Peter the Great’s summer residence: Versailles on the Baltic
“I have conquered an empire but I have not been able to conquer myself.”
Peter the Great. The Tsar was 6’ 7” tall, and would drink a bottle and a half of pepper brandy at a sitting. He was famous for his licentious habits. He built one huge palace after another, many on the bones of his terrorized subjects. The wild extravagance of Peterhof expresses the character of a man who had everything, but never had enough of anything.
While the center of St. Petersburg is one large open-air Museum, nothing quite prepares you for your arrival at Peterhof, known in Soviet times as Petrodvorets, 29 km west of the city along the Gulf of Finland. This was the official summer residence of Peter the Great, built over many years, starting in 1714. Approaching from the sea on a hydrofoil from St Petersburg, you are confronted by a majestic panorama. The most prominent landmark is the Great Palace towering at the edge of a natural, sixteen meter-high terrace. The Great Cascade glistens with its gilded sculpture and silvery water-jets. In the center of the pool, in front of the cascade, the powerful jet of the Samson Fountain spurts upwards. Further on, water streams towards the gulf along the Sea Canal, which is as straight as an arrow and constitutes the north-south axis of the layout of the site.
Most European rulers had at least one Versailles, and Peter the Great was no exception. He built a series of palaces on the site, the focus of which is now the Grand Palace, enlarged for Empress Elizabeth and later remodelled by Catherine. Beneath the Grand Palace is the Grand Cascade and Water Avenue. This is a symphony of 176 fountains, set amongst woodland and canals, much of which were engineered by Peter himself. There are four cascades and numerous gilded statues of ancient gods and heroes, remarkable collections of sculpture, making Peterhof, often called "Capital of Fountains," unique.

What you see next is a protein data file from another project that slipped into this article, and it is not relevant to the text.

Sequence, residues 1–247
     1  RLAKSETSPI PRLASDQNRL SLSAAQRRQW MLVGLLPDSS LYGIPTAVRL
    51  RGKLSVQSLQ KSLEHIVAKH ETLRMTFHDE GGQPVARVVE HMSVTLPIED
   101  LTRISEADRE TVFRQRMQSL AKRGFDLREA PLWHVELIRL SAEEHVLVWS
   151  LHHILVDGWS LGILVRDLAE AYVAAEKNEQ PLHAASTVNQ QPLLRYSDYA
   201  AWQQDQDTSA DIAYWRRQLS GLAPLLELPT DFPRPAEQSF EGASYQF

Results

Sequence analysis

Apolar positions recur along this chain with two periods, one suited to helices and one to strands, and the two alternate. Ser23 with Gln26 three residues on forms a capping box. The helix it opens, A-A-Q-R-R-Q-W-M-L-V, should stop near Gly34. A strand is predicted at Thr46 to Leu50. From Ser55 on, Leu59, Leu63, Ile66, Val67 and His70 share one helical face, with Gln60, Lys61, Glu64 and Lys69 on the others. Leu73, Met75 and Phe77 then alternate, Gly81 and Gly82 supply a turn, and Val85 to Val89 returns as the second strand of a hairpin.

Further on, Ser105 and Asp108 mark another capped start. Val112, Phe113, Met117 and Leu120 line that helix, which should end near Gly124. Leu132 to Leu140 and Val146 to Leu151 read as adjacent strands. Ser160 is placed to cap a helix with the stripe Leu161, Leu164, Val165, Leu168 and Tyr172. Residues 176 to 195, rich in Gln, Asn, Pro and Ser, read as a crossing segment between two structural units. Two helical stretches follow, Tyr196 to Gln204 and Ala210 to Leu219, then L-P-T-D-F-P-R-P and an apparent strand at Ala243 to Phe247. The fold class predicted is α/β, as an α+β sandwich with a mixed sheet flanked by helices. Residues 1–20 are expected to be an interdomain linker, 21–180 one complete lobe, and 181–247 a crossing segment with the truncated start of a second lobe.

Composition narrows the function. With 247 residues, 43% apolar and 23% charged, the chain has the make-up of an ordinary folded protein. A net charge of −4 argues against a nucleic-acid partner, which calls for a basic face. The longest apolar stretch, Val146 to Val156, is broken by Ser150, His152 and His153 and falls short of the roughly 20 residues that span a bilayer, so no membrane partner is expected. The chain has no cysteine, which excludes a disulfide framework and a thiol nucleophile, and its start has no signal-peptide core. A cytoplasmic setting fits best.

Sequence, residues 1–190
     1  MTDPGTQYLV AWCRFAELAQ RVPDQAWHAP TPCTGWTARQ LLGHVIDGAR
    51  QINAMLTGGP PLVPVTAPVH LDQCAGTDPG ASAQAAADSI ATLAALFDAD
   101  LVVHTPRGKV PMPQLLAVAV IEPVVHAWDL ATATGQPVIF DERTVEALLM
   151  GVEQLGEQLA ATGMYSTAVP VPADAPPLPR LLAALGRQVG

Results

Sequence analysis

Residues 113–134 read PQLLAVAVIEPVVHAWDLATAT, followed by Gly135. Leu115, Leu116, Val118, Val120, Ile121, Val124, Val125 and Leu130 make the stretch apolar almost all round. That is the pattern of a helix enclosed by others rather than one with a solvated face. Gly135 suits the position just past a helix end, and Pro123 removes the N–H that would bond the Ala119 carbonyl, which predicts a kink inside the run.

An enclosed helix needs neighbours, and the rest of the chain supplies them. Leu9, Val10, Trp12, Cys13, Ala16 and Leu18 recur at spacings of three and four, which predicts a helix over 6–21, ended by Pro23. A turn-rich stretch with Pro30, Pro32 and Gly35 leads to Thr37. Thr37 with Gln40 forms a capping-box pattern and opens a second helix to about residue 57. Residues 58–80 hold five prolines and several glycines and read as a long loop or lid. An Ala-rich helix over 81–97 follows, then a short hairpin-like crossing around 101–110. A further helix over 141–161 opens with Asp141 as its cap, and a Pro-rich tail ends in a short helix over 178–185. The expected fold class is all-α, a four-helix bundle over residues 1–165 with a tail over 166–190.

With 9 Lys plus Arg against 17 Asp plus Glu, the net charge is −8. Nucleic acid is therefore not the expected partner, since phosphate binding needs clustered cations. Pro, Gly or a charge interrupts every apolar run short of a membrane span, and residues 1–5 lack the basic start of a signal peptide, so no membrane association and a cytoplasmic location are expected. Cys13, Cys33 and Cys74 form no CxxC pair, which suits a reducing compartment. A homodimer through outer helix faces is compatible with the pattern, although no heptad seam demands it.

In the gardens, next to the sea, stands Peter's original villa, Monplaisir. It has bright and airy galleries facing out to the Gulf of Finland. It is easy to see why it was his favorite place to stay. Apart from the fountains, the gardens are dotted with charming pavilions and summer houses, including the ultimate in private dining rooms: the selfcontained and moated Hermitage.
This is one of the most magnificent European palace-and-park complexes of the eighteenth and nineteenth centuries, and its juxtaposition of sea and parkland makes it unique.
After 1917 the Peterhof ensemble was taken into state custody and turned into an architecture and art museum. The parkand- palace complex became national property. On 18 May 1918, a large party of workers – Peterhof's first museum visitors – arrived from Petrograd for a tour of the Great Palace. This was the beginning of a new life for the former residence of the tsars.
With the outbreak of war with Germany in 1941, pictures, statues, and many thousands of objects of applied art were taken to Leningrad or to distant parts of the country. Many marble and bronze sculptures were buried in the ground or stowed in secret caches. For twenty-eight months, from 21 September 1941 to 19 January 1944, Peterhof was in enemy-occupied territory. Many statues were stolen by the invaders. The whole complex was heavily bombed by both sides in WWII; what you see today is largely a reconstruction from photographs, drawings and anecdotes. In 1944, immediately after the liberation of Peterhof, work began on removing the mines and clearing up the park. On 17 June 1945 the Lower Park was opened to the public and on 25 August of 1946 year the water-jets of the fountains began to play once more. September 1947 saw a powerful column of water once more soaring up over the group of Samson Rending Open the Jaws of the Lion, now reproduced by Vasily Simonov.
Today, Peterhof is restored to its former glory and once again attracting thousands of visitors, Russian and foreign, every year. It is one of the jewels of Russia’s north-west.
All the fountains function from May to mid October, daily, 11:00 a.m. - 5:00 p.m. The fastest and most exiting way to travel to Peterhof from St. Petersburg is by hydrofoil from the jetty outside the State Hermitage Museum (former Winter Palace).
- Take an electric commuter train from Baltiyskiy Station to Novyi Peterhof. Then take buses No. 350, 351, 352, and 356 to the park. Get off at the fifth station.
- Take a speedboat from the Hermitage or Naberezhnaya Makarova.
- Take shuttle bus No. 424 or 300 from Avtovo Metro.
- Take shuttle bus No. 420 or 103 from Leninskiy Prospekt Metro.
- Take shuttle bus No. 404 from Baltiyskaya Metro.